United Way
of Massachusetts Bay
and Merrimack Valley

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What IF we could get closer to ending homelessness in the state of Massachusetts?

An inaugural competition sponsored by the United Way of Massachusetts Bay and Merrimack Valley and the Boston College School of Social Work (BCSSW) has engaged three area organizations to attempt to do just this.

The three winning solutions in the inaugural IF Challenge Prize to End Family Homelessness are diverse in their approaches, and include: taking an existing and successful eviction prevention program to scale, developing an app to connect families to housing resources, and building a campaign to leverage the highly successful Earned Income Tax Credit program to help low-income working families pay for the cost of housing.

Open to nonprofit 501c3 organizations in Massachusetts, the goal of the IF Challenge competition was to identify innovative, cost-effective and feasible ideas to reduce family homelessness in the state. The winning ideas will receive a mix of cash prize funding, technological assistance and/or hardware to implement their solution. The winners are:

HomeStart

$20,000 will be awarded to HomeStart to expand a successful eviction prevention program that is currently run in partnership with the Boston Housing Authority (BHA). According to HomeStart, evictions for non-payment of rent make up the vast majority (85%) of eviction cases in Boston Housing Court. HomeStart’s partnership with the BHA provides one-on-one case management with families facing eviction to identify why they were unable to make payments and connect them to emergency assistance and other resources to remain in their housing.  From 2010-2013 this partnership preserved tenancy for 554 residents, with 97% of them still in housing after one year.  Prize funds will be used to create a Homelessness Prevention Toolkit that HomeStart will use to replicate its eviction prevention program with private property development owners, potentially preventing thousands of families per year from experiencing homelessness.

Children’s HealthWatch

$15,000 will be awarded to Children’s HealthWatch to research and lead a campaign for a tailored Earned Income Tax Credit, adjusted for the regional cost of housing, to help low- and lower-middle income families pay for housing in Massachusetts. A Massachusetts family housing EITC would increase the ability of working families to afford existing market-rate housing in the short-term, and could spur creation of additional units as more people can afford market rents without falling behind on other necessary expenses; this could help address supply issues.

Metropolitan Boston Housing Partnership

$20,000 in a mix of funding, hardware and technological consulting will be awarded to the Metropolitan Boston Housing Partnership to develop a housing app to assess families’ eligibility for programs and connect them to affordable housing resources, including available rental subsidies, local and regional contacts and non-financial solutions. MBHP anticipates that the app will streamline processes for finding resources and will secure help for more families, more quickly.  The app will be designed for wide use to share knowledge, and will also increase the number of advocates for affordable housing.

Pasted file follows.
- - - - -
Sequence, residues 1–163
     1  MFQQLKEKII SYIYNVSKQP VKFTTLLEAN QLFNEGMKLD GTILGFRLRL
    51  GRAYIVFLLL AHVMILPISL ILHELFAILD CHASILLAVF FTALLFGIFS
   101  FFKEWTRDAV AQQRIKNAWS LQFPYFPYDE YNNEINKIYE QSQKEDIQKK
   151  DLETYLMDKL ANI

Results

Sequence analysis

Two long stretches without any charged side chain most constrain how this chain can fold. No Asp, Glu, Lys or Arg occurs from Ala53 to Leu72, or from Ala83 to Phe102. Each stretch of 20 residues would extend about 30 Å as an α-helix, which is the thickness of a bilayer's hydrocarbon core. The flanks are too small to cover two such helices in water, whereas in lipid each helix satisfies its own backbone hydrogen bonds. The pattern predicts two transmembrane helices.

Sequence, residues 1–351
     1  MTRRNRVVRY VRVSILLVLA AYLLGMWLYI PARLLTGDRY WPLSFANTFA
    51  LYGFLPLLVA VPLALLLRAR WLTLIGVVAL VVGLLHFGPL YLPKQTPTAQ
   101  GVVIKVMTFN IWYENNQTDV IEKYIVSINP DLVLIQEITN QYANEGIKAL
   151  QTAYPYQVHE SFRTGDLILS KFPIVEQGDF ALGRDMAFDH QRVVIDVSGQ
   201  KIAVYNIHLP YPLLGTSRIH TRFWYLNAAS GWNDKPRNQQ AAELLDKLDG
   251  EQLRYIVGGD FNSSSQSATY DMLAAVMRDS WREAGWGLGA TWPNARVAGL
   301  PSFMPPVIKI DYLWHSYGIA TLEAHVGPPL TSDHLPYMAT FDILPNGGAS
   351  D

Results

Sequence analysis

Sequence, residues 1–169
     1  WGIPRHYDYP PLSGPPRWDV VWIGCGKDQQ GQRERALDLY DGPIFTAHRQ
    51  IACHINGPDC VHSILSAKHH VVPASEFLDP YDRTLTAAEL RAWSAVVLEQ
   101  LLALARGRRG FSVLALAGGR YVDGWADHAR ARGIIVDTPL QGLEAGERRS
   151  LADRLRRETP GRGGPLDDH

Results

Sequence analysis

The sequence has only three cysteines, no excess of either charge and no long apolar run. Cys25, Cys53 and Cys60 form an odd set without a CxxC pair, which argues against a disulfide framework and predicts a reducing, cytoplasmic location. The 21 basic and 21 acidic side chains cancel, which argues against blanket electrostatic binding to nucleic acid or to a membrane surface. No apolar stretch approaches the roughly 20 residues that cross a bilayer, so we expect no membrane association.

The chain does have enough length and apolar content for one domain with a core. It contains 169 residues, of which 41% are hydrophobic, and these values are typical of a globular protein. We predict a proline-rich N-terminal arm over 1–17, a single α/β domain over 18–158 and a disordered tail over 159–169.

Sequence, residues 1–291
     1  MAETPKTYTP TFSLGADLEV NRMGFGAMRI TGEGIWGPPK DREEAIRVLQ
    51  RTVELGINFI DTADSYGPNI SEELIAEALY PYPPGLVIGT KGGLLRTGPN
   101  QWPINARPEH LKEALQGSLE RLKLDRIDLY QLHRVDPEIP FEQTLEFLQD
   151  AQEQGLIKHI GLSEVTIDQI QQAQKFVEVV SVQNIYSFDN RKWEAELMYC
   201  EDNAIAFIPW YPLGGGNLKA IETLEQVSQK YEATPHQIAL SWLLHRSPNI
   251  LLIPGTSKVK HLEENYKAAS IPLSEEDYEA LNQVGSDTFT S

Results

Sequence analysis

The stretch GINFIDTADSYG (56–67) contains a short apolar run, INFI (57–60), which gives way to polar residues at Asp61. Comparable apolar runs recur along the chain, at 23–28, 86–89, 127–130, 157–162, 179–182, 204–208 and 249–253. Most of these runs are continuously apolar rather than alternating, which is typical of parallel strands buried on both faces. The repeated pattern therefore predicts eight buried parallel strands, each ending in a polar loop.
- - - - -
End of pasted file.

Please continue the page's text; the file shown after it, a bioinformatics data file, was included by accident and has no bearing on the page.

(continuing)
Winning solutions were evaluated by a panel of six judges chosen by United Way and BCSSW, along with experts from the two organizations.  The judges were:

  • Shanta Pandey, Professor, Boston College School of Social Work
  • Tom Byrne, Professor, Boston University
  • Jere Doyle, Entrepreneur & Director, Shea Center for Entrepreneurship within the Carroll School of Management at Boston College
  • Jan Cooper, retired partner, Deloitte and United Way Board member
  • Amanda Andere, CEO, Funders Together to End Homelessness
  • Scott Bailey, CEO, MassChallenge

 

In Massachusetts, there are over 3,800 homeless families living in shelters or motels, according to the Department of Housing and Community Development. Homelessness has particularly adverse effects on children and youth including hunger, poor physical and mental health, and missed educational opportunities.  For example, 97% of homeless children move at least once on an annual basis, which leads to disruptions in school that can have a negative impact on academic achievement. Homeless children are twice as likely to have a learning disability, repeat a grade, or to be suspended from school.

See the full press release here.

About IF

Innovating with Families, or IF, is a partnership between the United Way of Massachusetts Bay and Merrimack Valley and the Boston College School of Social Work, designed to shape new relationships between social scientists and practitioners with the goal of finding innovative solutions to Greater Boston’s most pressing social problems.